Men, their various characters.

O heavens, what some men do,
While some men leave to do!
How some men creep in skittish Fortune's hall,
While others play the idiots in her eyes !
How one man eats into another's pride,
While pride is fasting in his wantonness! 26-iii. 3.

Contentment, its happiness.
'Tis better to be lowly born,
And range with humble livers in content,
Than to be perk'd up in a glistering grief,
And wear a golden sorrow.

25-ii. 3. 192

Humility, feigned.
'Tis a common prooft
That lowliness is young Ambition's ladder,
Whereto the climber upward turns his face;
But when he once attains the upmost round,
He then unto the ladder turns his back,
Looks in the clouds, scorning the base degreest
By which he did ascend.

29-1. 1.

* Provoke.

t Experience.

1 Low steps


Parental discipline neglected. Had doting Priam check’d his son's desire, Troy had been bright with fame, and not with fire.* 194

Deceiver of Females. How easy is it for the proper-falset. In women's waxen hearts to set their forms! 4-ii. 2.


Stubbornness of mind.

To wilful men, The injuries, that they themselves procure, Must be their schoolmasters.

34-ii. 4. 196

Prayers insincere, ineffectual.
The gods are deaf to hot and peevishs vows;
They are polluted offerings, more abhorr'd
Than spotted livers in the sacrifice..
It is the purpose, that makes strong the vow;
But vows, to every purpose, must not hold.
197 Determination with consideration.

What we do determine, oft we break.
Purpose is but the slave to memory;
Of violent birth, but poor validity:
Which now,

like fruit unripe, sticks on the tree; But fall, unshaken, when they mellow be. 36-ji. 2. 198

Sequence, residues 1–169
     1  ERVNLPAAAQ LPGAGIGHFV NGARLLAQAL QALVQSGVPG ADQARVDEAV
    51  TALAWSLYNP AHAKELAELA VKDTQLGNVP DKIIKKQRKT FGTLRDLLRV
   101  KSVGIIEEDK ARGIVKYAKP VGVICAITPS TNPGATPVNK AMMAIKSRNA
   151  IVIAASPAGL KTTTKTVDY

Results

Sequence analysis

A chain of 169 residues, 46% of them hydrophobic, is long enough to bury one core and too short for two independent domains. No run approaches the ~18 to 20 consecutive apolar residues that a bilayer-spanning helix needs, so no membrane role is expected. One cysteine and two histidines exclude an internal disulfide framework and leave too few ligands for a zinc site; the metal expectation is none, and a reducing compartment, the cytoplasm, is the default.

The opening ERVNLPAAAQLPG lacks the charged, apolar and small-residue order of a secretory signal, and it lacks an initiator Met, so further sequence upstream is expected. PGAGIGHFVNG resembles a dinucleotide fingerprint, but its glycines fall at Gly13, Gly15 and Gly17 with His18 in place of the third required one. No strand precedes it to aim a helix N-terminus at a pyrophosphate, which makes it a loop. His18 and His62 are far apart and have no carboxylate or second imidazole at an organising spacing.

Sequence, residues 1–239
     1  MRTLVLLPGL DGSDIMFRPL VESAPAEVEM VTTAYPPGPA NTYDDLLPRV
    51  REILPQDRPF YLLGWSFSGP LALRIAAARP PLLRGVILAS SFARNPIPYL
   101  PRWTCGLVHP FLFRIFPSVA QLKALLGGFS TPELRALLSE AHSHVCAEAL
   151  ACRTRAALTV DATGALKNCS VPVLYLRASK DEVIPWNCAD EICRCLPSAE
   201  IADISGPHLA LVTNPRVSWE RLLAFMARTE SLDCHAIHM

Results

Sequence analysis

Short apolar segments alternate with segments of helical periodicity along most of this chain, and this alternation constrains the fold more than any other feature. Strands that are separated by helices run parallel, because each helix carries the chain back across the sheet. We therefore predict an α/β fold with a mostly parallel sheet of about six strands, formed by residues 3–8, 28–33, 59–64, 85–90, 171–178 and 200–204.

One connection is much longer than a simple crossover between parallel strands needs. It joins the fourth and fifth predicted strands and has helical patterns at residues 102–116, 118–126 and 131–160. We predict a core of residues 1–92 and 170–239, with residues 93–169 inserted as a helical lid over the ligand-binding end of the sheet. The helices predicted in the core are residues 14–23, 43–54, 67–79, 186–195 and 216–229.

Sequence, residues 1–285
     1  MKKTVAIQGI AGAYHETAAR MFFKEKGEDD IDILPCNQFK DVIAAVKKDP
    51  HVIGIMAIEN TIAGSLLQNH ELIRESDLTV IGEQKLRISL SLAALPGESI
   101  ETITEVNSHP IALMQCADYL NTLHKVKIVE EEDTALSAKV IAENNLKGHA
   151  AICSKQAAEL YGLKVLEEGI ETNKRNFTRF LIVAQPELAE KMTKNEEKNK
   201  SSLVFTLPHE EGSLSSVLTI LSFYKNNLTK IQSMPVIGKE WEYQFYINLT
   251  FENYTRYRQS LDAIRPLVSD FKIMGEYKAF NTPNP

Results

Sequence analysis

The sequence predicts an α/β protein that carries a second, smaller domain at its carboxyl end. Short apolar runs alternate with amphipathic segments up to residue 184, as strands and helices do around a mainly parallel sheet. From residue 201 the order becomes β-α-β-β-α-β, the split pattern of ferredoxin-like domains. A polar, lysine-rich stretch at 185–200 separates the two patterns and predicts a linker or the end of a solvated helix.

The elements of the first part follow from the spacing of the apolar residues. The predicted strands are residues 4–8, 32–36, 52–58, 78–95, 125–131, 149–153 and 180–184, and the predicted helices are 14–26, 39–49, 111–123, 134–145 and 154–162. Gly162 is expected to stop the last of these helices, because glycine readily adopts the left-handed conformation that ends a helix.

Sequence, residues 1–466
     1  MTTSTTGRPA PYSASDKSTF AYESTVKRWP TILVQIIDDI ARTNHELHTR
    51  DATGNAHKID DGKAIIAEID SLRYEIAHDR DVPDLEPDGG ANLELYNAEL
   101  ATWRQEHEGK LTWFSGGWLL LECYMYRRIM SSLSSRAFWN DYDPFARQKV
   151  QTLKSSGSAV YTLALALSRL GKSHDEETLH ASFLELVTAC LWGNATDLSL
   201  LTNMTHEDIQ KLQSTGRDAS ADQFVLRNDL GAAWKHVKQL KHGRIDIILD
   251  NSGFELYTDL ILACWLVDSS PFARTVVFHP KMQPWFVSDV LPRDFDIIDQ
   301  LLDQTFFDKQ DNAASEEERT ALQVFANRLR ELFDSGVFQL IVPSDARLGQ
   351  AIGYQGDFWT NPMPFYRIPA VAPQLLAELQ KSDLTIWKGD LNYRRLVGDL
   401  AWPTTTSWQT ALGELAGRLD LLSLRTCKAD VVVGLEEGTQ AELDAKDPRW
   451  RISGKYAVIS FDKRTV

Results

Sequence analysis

Blessings underrated.

It so falls out, That what we have we prize not to the worth, Whiles|| we enjoy it; but being lack'd and lost, Why, then we rackT the value ; then we find The virtue, that possession would not show us Whiles it was ours.

6-iv. 1. 199

Mediocrity of life.

Full oft 'tis seen Our mean** secures us; and our mere defects Prove our commodities.

34_iv. 1.

*1 Sam. iii. 12, 13,
1 Foolish.
1 Overrate.

† Fair deceiver.
§ Eccl-8. v. 4, 5.

|| While. ** Mean signifies a middle state.


Disinterestedness. Never any thing can be amiss, When simpleness and duty tender it. 7-v. 1. 201

Mental passions, their effects.

The passions of the mind,
That have their first conception by mis-dread,
Have after-nourishment and life by care;
And what was first but fear what might be done,*
Grows elder now, and cares it be not done.t

33-i. 2. 202

Disquietude. Care is no cure, but rather corrosive, For things that are not to be remedied. 21-iii. 3. 203

Exaltation, its danger. They that stand high, have many blasts to shake


And, if they fall, they dash themselves to pieces.

244i. 3. 204

Mercy pretended.
Mercy is not itself, that oft looks so;
Pardon is still the nurse of second woe. 5-ii. 1.

Treason and murder, handmaids.
Treason and murder ever kept together,
As two yoke-devils sworn to either,s purpose.

20-ii. 2. 206

Retributive justice.
We still have judgment here ; that we but teach
Bloody instructions, which, being taught, return
To plague the inventor : This even-handed justice
Commends the ingredients of our poison’d chalice
To our own lips.

15-i. 7. 207


O mischief ! thou art swift To enter in the thoughts of desperate men!

35-v. 1.

* But fear of what may happen.
† And makes provision that it may not be done.